What it Costs to Walk the Camino

Camino de Santiago, Travel

(If you’d like to read about our Camino pilgrimage, check out my weekly recap of our trip here.)

One of the main questions I have been asked about the Camino de Santiago is: how much does it cost? I kept a careful record of all my expenses while on the Camino and today I’m going to break down just how much it really costs to walk the Camino by sharing what I spent on transportation, the necessary equipment, food, and lodging for the 35 days of the Camino de Santiago. My brother and I spent more on our trip because we stayed in France for a week and a half before starting the Camino and we spent another week and a half in Portugal after finishing the Camino, but for this post, I’ve added up only the costs concerning the Camino.

I had done a little bit of research on the cost of albergues (the hostels for pilgrims along the Camino) and on the average cost of food and we decided our goal was to each spend under $25 per day for both food AND lodging while on the Camino. From most of the research I did it seemed that the average you should expect to spend per day on food and lodging was between $30-$35 but that was too expensive for our tiny student budgets and it seemed to be possible to keep it to $25 and less if we bought most of our food at grocery stores and markets instead of eating the pilgrim meals each day.

We each kept track of every expense along the trip and when it was all said and done, my daily average was 23€ which comes out to about $25 – so right on target. (JP’s daily average was a few dollars less because I indulged in freshly squeezed OJ and pastries a bit more than he did hahah). On my most expensive day, I spent 36€ on food/lodging and on my cheapest day I spent a grand total of 11,60€ for both food and lodging. All of this to say it is absolutely possible to be a tight budget and walk the Camino without breaking the bank.

A few ways we saved money were:

  1. We stayed in municipal albergues WAY more than private ones (the municipal are owned by the government and run by volunteers so they are often a few (or a lot of) dollars cheaper than the privately-owned albergues).
  2. We stayed in donativo albergues WHENEVER possible (these are the cheapest option along the Camino because it’s entirely up to you how much you want to donate and a lot of these albergues included free breakfast the next morning and some included a communal dinner the night you stayed.)
  3. We bought MOST of our food at grocery stores/markets along the Camino and made dinner in the albergues we stayed in (almost every albergue has a kitchen for pilgrims to utilize). Pilgrim meals can run anywhere from 10€-18€ each and while they are a hearty meal (with multiple courses including dessert, bread and wine), that adds up very quickly. When we did purchase a pilgrim meal we were either a) too exhausted to cook our own food b)didn’t have any other options (most towns had stores but a few were so small that they did not) or c)we decided the community that came with the meal was worth the extra money. (Sometimes the Pilgrim meal was just a menu option at a restaurant and so you just ate by yourself, but other times it was a meal served to you by the albergue and all the pilgrims who paid for the meal sat together at a big family-style dinner and we quickly realized that if we were going to spend the extra money on a pilgrim meal, we wanted it to be the ones that included the community aspect of a family dinner).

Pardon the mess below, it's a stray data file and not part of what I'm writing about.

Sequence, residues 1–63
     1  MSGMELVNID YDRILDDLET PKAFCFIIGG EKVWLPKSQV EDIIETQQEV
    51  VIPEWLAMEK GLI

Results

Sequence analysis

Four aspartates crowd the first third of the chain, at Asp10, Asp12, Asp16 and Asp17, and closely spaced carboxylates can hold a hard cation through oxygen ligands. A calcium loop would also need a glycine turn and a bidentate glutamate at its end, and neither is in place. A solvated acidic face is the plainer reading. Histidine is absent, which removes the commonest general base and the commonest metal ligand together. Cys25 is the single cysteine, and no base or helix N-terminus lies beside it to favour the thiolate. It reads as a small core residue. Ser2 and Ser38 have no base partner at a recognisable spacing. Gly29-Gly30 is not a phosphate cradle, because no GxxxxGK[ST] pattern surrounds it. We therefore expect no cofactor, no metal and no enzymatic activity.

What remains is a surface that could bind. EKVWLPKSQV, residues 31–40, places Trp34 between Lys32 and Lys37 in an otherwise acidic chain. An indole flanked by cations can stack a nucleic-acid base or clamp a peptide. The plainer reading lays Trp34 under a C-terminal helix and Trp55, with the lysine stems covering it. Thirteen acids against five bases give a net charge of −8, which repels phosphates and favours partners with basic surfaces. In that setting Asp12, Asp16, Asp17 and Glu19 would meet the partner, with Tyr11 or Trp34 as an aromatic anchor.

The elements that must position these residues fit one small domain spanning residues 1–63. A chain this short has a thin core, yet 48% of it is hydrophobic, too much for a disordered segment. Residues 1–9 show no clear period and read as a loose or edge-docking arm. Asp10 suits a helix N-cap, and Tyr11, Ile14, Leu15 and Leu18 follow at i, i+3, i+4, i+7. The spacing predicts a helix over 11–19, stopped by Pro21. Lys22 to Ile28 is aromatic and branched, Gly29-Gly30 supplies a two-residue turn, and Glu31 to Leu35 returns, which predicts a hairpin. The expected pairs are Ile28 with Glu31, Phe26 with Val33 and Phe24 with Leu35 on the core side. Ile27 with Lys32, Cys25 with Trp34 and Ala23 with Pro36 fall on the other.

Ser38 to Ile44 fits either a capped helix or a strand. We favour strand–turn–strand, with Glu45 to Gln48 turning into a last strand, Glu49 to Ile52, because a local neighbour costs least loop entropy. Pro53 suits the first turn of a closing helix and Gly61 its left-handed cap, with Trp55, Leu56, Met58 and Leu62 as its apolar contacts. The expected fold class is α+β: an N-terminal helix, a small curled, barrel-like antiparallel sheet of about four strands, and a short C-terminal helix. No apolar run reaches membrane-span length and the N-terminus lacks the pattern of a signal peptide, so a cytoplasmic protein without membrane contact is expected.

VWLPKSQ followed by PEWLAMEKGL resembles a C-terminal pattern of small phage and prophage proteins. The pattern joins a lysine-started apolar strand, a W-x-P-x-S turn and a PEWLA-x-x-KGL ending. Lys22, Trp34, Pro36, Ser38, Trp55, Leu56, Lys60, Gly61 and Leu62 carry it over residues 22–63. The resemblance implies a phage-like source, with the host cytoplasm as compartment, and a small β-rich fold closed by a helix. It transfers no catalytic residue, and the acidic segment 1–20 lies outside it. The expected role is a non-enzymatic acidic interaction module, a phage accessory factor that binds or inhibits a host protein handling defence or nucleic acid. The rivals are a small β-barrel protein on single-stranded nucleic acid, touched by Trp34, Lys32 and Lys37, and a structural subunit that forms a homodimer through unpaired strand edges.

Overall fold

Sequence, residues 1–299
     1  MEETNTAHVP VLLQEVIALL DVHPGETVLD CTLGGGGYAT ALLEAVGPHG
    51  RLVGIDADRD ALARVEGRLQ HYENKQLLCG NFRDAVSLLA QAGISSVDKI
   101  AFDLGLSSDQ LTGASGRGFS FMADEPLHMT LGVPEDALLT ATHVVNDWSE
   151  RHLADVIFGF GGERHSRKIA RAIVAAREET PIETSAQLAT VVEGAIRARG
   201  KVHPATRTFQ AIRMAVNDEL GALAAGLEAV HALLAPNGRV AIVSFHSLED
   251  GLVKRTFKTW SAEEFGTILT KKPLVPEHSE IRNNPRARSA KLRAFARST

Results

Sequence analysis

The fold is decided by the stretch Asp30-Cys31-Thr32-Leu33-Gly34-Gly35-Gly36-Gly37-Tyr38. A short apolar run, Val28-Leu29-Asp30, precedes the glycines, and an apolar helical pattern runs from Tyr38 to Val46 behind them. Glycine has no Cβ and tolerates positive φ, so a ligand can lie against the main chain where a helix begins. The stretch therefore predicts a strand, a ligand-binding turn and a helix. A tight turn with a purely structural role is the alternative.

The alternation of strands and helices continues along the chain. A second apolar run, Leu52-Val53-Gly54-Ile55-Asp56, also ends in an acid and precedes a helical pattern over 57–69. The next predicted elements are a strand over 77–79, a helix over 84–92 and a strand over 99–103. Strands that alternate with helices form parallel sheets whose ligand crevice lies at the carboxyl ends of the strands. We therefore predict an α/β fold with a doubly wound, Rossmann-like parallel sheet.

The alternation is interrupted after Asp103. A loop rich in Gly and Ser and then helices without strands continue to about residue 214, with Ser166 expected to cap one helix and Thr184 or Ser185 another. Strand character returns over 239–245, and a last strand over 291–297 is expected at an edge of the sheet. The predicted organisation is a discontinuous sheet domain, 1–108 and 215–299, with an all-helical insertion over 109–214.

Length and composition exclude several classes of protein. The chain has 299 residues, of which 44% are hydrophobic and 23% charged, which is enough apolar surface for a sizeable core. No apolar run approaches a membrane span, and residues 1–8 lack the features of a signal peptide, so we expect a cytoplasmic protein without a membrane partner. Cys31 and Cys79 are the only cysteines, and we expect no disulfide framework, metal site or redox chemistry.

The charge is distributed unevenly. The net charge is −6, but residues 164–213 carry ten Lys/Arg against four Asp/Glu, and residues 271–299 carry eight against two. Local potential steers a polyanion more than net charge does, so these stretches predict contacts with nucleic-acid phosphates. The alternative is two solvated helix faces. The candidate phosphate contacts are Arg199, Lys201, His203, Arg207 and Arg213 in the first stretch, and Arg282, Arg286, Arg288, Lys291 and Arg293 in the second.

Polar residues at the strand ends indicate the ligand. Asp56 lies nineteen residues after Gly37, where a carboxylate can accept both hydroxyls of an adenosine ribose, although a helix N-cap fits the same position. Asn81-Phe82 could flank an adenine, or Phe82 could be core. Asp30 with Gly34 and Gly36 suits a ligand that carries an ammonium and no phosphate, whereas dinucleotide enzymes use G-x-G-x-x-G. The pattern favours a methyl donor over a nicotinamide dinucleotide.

So, without further ado, here is every expense broken down for you:

MY CAMINO BUDGET BREAK-DOWN

TRANSPORTATION: $768

-Flights (JFK to PARIS, LISBON to JFK): $663

-Bus/Trains (Paris to St. Jean, Santiago to Lisbon): $105

EQUIPMENT: ≈ $650

-Osprey Backpack: $150

-Keen Hiking Shoes: $130

-Specialty Clothing Items: ≈ $180

-Other Equipment: ≈ $150

FOOD/LODGING (while on the Camino): 795€ (≈$882)

-Food: an average of 15,50€ per day (35 days)

-Lodging: an average of 7,50€ per night (35 nights)

OTHER MISC EXPENSES ON CAMINO: 85€ (≈$95)

EXTRA LODGING: $63

-Private room in St. Jean Pied de Port (the night before starting): $30

-Two additional nights in Santiago (after finishing): $33

TOTAL COST: $2,458

When you think about it, $2500 for 35 days in Europe (including your flights) is basically unheard of. Having said that, you should understand that it’s totally possible to spend a whole lot more than that and have a bit more comfort while on the Camino. There were definitely nights where I wished we had spent the extra dollars to stay in a slightly nicer albergue or that I wished we had a looser food budget so we could just relax at a restaurant instead of waiting for our turn in the kitchen to cook our forth pasta dinner in a row. And if I walk the Camino again, it would be nice to have a daily budget of $30-$35 to have that extra wiggle room. But I am truly grateful we kept to our original budget because it’s good to know (and good to let you all know) that it is absolutely possible to complete this pilgrimage on a dirt-cheap budget. In fact, you could even spend a few dollars less than us each day if you cut down costs even a bit more by never eating out and never staying in private albergues (something we did on occasion). Plus, the Camino is supposed to be a pilgrimage, not a vacation, and a pilgrimage in it’s truest and most traditional sense is about the furthest thing from comfort. Sacrificing daily comforts to keep our costs down helped us remember the whole point of what we were doing in the first place.

I hope this post was helpful for anyone thinking about or actively planning their own Camino pilgrimage!

Buen Camino!

Xoxo,
Mary Kate

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